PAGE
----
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29 Dec 2017

While losing weight, exercising more, and quitting smoking are the more usual New Year’s resolutions, the AMA is encouraging Australians to consider making 2018 the year they record an advance care plan.

“While death and dying may not seem like the most uplifting topic for the holidays, a gathering of family and friends is the perfect time to think about and discuss what care options you may want at the end of life,” AMA President, Dr Michael Gannon, said today.

“Death, dying, and bereavement are an integral part of life, and advance care planning can make this difficult time easier for all concerned.

“Advance care planning is a process of stating health care preferences, including goals of care and preferred health outcomes, to help guide those who make decisions on your behalf should you lose decision-making capacity at the end of life.

“It is better to have such discussions during a relaxed family holiday gathering than in the intensive care unit, where you may not be in a position to even participate in decision-making, and others have to make health care decisions on your behalf in a very stressful situation.

“Advance care planning benefits not only the patient, but plays an important role in supporting family members or other substitute decision-makers to act in accordance with your wishes.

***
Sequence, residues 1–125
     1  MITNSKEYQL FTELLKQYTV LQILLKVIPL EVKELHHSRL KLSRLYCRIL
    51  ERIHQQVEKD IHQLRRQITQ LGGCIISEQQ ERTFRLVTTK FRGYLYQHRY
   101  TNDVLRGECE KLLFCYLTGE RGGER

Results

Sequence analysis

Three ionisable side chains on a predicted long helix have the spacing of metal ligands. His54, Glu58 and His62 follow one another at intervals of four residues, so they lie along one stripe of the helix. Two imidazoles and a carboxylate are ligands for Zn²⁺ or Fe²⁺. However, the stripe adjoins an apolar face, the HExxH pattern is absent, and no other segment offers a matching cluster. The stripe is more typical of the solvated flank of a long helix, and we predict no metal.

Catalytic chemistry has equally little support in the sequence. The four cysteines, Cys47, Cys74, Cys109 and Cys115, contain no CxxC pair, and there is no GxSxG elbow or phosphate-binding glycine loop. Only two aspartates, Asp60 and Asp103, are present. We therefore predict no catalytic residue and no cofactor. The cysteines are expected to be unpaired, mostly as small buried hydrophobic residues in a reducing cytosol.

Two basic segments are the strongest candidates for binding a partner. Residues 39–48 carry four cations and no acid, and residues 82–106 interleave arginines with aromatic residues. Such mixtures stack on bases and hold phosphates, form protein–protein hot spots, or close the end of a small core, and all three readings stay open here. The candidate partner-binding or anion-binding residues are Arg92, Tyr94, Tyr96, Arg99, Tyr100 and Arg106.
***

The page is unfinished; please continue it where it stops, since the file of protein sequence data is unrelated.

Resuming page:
“Advance care plans help ensure family members are clear on your preferences, which can alleviate stress and reduce conflict between loved ones, who may not otherwise know what care you would want under the circumstances.

“The plans also support the healthcare team by informing the development of a clinical care plan, where doctors can set out specific treatment directions based on your healthcare preferences and goals of care.

“We strongly suggest that you discuss advance care planning with your GP, who can respond to clinical questions you might have, and that you record your advance care plan and ensure it is readily available and known to those who will make decisions on your behalf.

“There are different ways to record a plan, including an advance care directive, medical enduring power of attorney, a letter, an entry in your medical record, or even a verbal instruction.

“It is important to regularly review your plan to ensure it still meets your goals of care, which may change should you develop a life-limiting condition, and as that condition progresses.

“Make sure to alert your GP and substitute decision-makers to any changes in your plan.

“Advance care planning can be done by anyone at any age, regardless of whether you are healthy or experiencing an illness.

“Do yourself, and those around you, a favour and make advance care planning part of your New Year’s resolution for 2018.”

For more information, the AMA’s Position Statement on End of Life Care and Advance Care Planning 2014 is available at



29 December 2017

CONTACT:        John Flannery                     02 6270 5477 / 0419 494 761
                           Maria Hawthorne              02 6270 5478 / 0427 209 753


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Published: 29 Dec 2017